Tag Archives: health reform bill
About the same time I saw a picture of the man I voted for signing the new health reform bill, I received an email with a picture of George Bush (The Younger) waving at the camera with one of his goofier grins and the caption, “Miss me yet?” I’m hardly a Bush fan, but at the moment—God help me—I’m even missing Nixon.
One of the annoyances from having spent forty years inside the health care beast is having to endure the blatant half-truths and patent falsehoods coming from our President and his legions of economics-challenged health reform advisors and supporters. Particularly abrading are his statements about the “immediate benefits” of the new law, with no mention of the equally immediate costs that will accompany them.
Here are some of the more bothersome ones:
- Free preventive care. The journal Health Affairs and others have authoritatively concluded that preventive services almost always increase medical costs rather than reduce them. Thus, our premiums will go even higher with no net savings now or ever.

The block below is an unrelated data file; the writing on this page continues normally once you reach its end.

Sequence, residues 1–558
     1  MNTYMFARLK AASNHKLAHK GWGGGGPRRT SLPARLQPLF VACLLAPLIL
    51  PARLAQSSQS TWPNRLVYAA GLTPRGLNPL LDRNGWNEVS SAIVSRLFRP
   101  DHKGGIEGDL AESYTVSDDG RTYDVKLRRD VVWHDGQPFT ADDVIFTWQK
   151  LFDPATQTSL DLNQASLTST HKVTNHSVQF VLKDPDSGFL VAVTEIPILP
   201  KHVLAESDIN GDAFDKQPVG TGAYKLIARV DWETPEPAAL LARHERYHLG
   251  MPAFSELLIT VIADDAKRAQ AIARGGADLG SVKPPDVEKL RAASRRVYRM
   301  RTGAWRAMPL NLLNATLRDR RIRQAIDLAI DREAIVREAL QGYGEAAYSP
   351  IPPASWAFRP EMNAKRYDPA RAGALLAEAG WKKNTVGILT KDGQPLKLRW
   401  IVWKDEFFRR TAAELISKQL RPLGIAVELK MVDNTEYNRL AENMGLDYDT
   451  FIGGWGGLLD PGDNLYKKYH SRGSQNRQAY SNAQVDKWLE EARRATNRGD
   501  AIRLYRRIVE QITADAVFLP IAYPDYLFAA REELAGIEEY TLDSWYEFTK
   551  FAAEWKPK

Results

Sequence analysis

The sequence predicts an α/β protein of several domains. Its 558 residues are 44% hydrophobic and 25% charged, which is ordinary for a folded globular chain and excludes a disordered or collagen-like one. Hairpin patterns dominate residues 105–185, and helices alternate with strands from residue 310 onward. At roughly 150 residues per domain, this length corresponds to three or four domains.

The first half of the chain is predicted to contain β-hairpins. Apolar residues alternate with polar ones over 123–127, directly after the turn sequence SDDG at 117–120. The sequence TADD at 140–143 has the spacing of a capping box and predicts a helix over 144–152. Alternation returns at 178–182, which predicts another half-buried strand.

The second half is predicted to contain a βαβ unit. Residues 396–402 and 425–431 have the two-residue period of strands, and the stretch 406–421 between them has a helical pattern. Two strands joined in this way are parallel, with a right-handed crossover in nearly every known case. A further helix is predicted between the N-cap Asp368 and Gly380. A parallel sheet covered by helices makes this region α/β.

As part of his last-ditch effort to revive the Senate’s undead health reform bill, President Obama has proposed a federal board to veto health insurance premiums it finds “unreasonable and unjustified.” In case you’re wondering, all 50 states already do this, albeit with the countervailing requirement that premiums must also be “adequate” to assure insurance carrier solvency—a key requirement the President ignores.
His proposal is the obvious result of his Administration’s high dudgeon over Wellpoint’s 39% individual premium hikes in California (where it has lost millions). The argument is that such increases are unconscionable from an industry that earned “$12 billion in profits last year.” Please note the inapt comparison of percentages with dollars, a diversionary, demagogic tactic often used to enrage the innumerate while failing to note Wellpoint’s 2009 operating profit margin of 4.8% or the entire industry’s hopelessly pedestrian 2.2%. Even more absurd was one congresswoman’s snarky suggestion that the real reason for the increases was to maintain WellPoint CEO Angela Braly’s $9 million annual compensation—equal to twenty-eight cents per member per year. The cause of premium increases is not profits or executive compensation. To paraphrase President Clinton, “It’s rising medical costs, stupid!”